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Spiders in Borneo: Breaking News!

The views expressed are those of the author and are not necessarily those of Scientific American.


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Breaking News: EDY FOUND A HISPO TODAY! Sorry for shouting, but this is big news. Recall my post dreaming about the special jumping spiders we might find? I neglected to mention Hispo. It was such an unlikely prize that I hadn’t dared to dream it. Most species of Hispo are from Madagascar. There are only two species known outside Africa and the Seychelles — one from India, and one from Sumatra. The species from Sumatra is known from a single immature specimen. The adult female Edy found is therefore the first adult Hispo found east of India. Here is the beast:

A female hisponine jumping spider, the first adult specimen known east of India

A female hisponine jumping spider, the first adult specimen known east of India

And, Hispo is not just any jumping spider. It’s a member of the subfamily Hisponinae, which split off on the jumping spider evolutionary tree long ago, before the burst of diversification that gave us most of the species alive today. Thus, in some features hisponines are more like the ancestral jumping spider than like the familiar jumping spiders. In fact, they are the only living jumping spider group recognizable in the Baltic amber fossils, more than 40 million years old. And so, to make my excitement clearer, I’ll restate: this specimen is the only adult known east of India of this very strange and old group, the hisponines, and on top of that it’s almost certainly a species new to science.

We had been accumulating samples day by day of dozens of species of salticid spiders, collecting in a regimented way from tree trunks, leaf litter, and foliage. We’ve found many interesting species, probably many of which are new to science. I’ll give you an overview of what we’ve been finding in a future post. Despite all these salticid riches, none has made my jaw drop until today. When Edy showed it to me, asking what it was, I looked at it with my hand lens. I realized quickly it might be a Hispo, but I said: “Here, take it back, because I need to finish what I’m doing, and if I look more closely and confirm it’s a Hispo, I’ll stop caring about what I’m doing and it won’t get done”. I finished my task, then confirmed it was a Hispo, and the celebration began. We’re having ice cream tonight in honor of the find.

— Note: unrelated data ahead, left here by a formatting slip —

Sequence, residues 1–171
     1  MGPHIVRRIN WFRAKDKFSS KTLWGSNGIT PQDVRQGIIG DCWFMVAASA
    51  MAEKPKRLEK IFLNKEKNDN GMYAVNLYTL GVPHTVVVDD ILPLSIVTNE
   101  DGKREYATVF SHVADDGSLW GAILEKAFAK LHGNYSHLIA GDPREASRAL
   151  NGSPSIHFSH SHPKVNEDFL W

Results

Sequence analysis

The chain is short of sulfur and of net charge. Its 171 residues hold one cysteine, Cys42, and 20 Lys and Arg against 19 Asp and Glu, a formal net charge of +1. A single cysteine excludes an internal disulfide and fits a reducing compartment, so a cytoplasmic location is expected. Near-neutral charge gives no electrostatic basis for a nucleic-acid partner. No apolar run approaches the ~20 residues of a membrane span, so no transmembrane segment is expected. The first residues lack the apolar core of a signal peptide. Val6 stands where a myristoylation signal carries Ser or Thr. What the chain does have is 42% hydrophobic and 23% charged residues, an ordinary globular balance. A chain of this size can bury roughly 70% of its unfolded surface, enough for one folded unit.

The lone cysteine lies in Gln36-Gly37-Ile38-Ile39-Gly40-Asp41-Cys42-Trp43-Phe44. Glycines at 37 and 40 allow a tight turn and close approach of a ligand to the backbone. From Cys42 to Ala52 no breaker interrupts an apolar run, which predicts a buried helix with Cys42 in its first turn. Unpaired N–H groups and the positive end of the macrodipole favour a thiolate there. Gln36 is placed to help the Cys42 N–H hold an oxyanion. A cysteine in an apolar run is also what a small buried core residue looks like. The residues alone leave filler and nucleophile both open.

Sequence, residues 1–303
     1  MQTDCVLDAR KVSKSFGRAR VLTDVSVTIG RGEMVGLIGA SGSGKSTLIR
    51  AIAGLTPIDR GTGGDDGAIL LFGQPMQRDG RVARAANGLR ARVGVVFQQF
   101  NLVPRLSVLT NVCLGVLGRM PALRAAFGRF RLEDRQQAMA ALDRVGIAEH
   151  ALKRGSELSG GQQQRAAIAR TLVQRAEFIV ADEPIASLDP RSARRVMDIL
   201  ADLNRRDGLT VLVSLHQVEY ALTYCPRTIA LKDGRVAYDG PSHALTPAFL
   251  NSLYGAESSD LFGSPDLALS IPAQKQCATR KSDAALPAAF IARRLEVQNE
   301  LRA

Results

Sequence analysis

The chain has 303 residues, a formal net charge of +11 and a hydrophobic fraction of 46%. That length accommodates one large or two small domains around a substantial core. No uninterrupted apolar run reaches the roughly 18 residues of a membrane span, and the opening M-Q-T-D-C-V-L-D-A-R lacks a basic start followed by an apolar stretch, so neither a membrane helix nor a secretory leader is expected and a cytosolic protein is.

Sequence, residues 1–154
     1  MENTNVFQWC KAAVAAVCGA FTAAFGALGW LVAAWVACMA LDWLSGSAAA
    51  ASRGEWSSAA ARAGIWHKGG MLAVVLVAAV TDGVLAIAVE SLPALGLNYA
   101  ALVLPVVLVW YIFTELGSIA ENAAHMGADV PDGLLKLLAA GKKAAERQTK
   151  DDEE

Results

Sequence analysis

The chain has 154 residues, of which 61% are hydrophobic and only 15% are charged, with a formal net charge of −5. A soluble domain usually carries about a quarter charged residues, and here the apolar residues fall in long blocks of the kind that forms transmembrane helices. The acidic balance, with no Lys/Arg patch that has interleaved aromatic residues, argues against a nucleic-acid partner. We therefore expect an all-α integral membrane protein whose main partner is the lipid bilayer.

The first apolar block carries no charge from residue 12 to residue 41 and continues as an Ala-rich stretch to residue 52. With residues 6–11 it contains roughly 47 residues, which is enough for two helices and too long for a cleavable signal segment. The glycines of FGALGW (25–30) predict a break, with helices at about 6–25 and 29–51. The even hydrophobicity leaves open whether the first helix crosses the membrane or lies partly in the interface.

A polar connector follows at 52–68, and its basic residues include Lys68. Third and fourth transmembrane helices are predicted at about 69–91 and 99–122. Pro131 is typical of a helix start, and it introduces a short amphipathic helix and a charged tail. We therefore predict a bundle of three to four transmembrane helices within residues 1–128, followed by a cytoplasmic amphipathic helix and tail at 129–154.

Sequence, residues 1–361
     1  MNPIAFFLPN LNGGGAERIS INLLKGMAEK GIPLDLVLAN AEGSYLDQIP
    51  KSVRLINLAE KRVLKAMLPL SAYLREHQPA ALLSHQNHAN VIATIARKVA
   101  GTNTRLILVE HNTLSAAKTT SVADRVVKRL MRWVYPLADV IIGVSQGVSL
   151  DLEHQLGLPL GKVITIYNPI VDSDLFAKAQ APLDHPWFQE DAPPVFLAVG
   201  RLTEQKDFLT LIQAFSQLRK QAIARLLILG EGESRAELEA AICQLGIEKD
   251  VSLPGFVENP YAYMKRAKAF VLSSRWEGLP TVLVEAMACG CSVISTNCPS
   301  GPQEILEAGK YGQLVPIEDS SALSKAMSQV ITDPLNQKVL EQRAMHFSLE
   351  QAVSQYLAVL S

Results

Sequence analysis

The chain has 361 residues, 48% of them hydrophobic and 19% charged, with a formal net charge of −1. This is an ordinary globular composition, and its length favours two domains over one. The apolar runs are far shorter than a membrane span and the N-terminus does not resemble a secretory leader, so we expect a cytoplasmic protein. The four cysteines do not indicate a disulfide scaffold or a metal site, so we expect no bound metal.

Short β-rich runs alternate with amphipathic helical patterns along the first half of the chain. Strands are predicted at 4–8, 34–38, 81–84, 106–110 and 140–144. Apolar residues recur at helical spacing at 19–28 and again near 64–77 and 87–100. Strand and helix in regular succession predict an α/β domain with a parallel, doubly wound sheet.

Previously in this series:

Spiders in Borneo: Introduction
Spiders in Borneo: Undiscovered biodiversity
Spiders in Borneo: The guests of honor: Salticidae
Spiders in Borneo: Team Salticid
Spiders in Borneo: Mulu National Park
Spiders in Borneo: Dreaming about salticid spiders
Spiders in Borneo: Jumping spiders in the forest
Spiders in Borneo: Beating around the bushes
Spiders in Borneo: Spiders in leaf litter
Spiders in Borneo: A Vertical Life
Spiders in Borneo: Leeches and eyeballs

Text and images © W. Maddison, under a Creative Commons Attribution 3.0 license (CC-BY)

Wayne Maddison About the Author: Wayne Maddison is a biologist who studies the diversity and evolution of jumping spiders. When he was thirteen years old in Canada, a big jumping spider looked up at him with her big dark eyes, and he's been hooked ever since. Jumping spiders hunt like cats, creeping and pouncing, and the males perform amazing dances to females. His fascination with the many species of jumping spiders led to an interest in their evolutionary relationships, and then to methods for analyzing evolutionary history. He received a PhD from Harvard University. He is now a Professor at the University of British Columbia, and the Scientific Director of the Beaty Biodiversity Museum. He has taken it as his mission to travel to poorly known rainforests to document the many still-unknown species before they are gone, and to study them and preserve them in museums for future generations.

The views expressed are those of the author and are not necessarily those of Scientific American.





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